The long-secret text of the Trans-Pacific Partnership free-trade deal was released Thursday to support from business but vows by labor, environmental and health groups in many countries to fight ratification.
The massive document, posted online by several governments, offered the first detailed look at the world's biggest free trade area, which aims to break down barriers to commerce and investment between 12 countries comprising about 40 percent of the global economy.
US President Barack Obama, who strongly pushed the TPP as a foundation for "21st century trade," heralded the pact as a boost to the US economy while protecting workers and the environment.
Obama, who could struggle to get Congress's endorsement of the deal, said it "means that America will write the rules of the road in the 21st century" rather than China, which is not part of the TPP.
"It's the highest standard trade agreement in history," he said.
Australia's Trade and Investment Minister Andrew Robb said the released documents show "the broad benefits the TPP will bring to our businesses, farmers, manufacturers and world-class service providers."
In Chile, senior international trade official Andres Rebolledo said the text would show Chileans that the lengthy negotiations concluded last month in Atlanta, Georgia "have meant a beneficial and balanced agreement for our country."
- Activists blast deal -
Businesses, which critics say had an inside line into the years of negotiations, were generally supportive.
The Business Roundtable, a group of top US chief executives, said the deal has "incredible potential for even more economic growth and job creation in the United States, while also improving environmental and labor standards in the TPP countries."
But activists were scathing in their criticism of the deal, which now must be ratified by the governments of the 12 countries -- also including Japan, Malaysia, Vietnam, Mexico, Peru, Singapore, Brunei, Canada and New Zealand.
They said promised protections for labor rights and the environment, and assurances that drug patent protections would not block the poor's access to vital medicines, were weak in the final text.
Judit Rius Sanjuan of Doctors Without Borders said the drug patent provisions "will keep affordable medicines out of reach of millions of people around the world."
And Michael Brune, executive director of the Sierra Club, said the document was "concrete evidence that the Trans-Pacific Partnership threatens our families, our communities, and our environment."
"The words 'climate change' don't even appear in the text, a dead giveaway that this isn't a 21st-century trade deal," he said.
The US Electronic Frontier Foundation, which focuses on rights related to the Internet and digital world, said the deal did little for individuals.
"The TPP's secretive, lobbyist-controlled policymaking process has led to a deal that upholds corporate rights and interests at the direct expense of all of our digital rights," it said.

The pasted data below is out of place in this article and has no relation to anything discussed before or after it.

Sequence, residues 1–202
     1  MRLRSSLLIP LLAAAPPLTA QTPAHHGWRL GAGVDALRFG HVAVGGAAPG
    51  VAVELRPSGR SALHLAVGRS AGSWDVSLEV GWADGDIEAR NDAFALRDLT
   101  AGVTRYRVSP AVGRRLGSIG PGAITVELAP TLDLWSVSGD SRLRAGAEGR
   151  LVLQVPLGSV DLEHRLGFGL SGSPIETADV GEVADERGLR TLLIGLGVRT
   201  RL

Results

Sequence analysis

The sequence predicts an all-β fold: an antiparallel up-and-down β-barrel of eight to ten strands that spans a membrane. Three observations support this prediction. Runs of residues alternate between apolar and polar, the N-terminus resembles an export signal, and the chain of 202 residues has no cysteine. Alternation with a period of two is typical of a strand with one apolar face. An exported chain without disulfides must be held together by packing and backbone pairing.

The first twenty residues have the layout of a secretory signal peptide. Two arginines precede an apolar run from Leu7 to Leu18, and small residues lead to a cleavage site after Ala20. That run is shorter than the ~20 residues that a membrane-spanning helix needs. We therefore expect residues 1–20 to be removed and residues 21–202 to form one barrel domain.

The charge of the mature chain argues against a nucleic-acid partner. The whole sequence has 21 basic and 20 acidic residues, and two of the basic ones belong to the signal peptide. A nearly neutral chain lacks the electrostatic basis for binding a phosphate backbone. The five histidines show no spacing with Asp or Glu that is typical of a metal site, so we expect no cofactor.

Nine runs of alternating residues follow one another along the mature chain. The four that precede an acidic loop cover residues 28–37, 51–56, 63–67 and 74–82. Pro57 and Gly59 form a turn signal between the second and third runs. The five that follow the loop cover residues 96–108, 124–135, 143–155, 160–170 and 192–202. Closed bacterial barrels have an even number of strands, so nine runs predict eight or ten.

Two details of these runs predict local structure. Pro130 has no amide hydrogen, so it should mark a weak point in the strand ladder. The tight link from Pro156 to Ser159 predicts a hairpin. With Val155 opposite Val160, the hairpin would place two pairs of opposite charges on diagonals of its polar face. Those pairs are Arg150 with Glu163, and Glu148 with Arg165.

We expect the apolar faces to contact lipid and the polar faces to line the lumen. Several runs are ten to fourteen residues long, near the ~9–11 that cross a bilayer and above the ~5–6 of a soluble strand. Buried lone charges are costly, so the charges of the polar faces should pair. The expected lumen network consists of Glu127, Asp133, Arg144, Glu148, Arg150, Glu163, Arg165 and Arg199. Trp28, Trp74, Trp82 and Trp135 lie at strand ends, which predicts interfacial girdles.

- Battle over ratification -
The release of the text begins the process of each of the 12 governments getting public and legislative approval of the deal. The entire pact must be ratified as agreed, without changes, which could tie the hands of governments and legislators.
Many governments could face uphill battles on compromises made on opening markets and enforcing social issues, including in Australia, New Zealand, Canada, and especially the United States.
In Canada, Chrystia Freeland, the minister of international trade in a government that just took office on Wednesday, said Ottawa still needed to study the deal, but would be open about it.
"We do believe in trade. We understand its absolute importance to Canada and to the prosperity of the Canadian middle class, which is a central part of our platform," she said.
In Washington, Obama, who officially notified Congress that he would sign the deal in 90 days, could face a tough battle -- as much from his own Democratic Party as from Republicans.
The powerful new speaker of the House of Representatives, Paul Ryan, reserved judgment but said he remained "hopeful" the deal is a good one.
"Enactment of TPP is going to require the administration to fully explain the benefits of this agreement and what it will mean for American families," he said in a statement.
Under the TPP agreement, most tariffs were to be eliminated or slashed on everything from beef, dairy products, wine, sugar, rice, horticulture and seafood to manufactured products, resources and energy.
It triggers controversy by forcing countries to broaden access to their markets -- for foreign auto parts in the United States and imported cheese in Canada; Japan will have to remove hefty protections for uncompetitive domestic farmers.
But it also expands protections for foreign investors, introduces regulations protecting data and online commerce, and standardizes patent protections for new classes of drugs.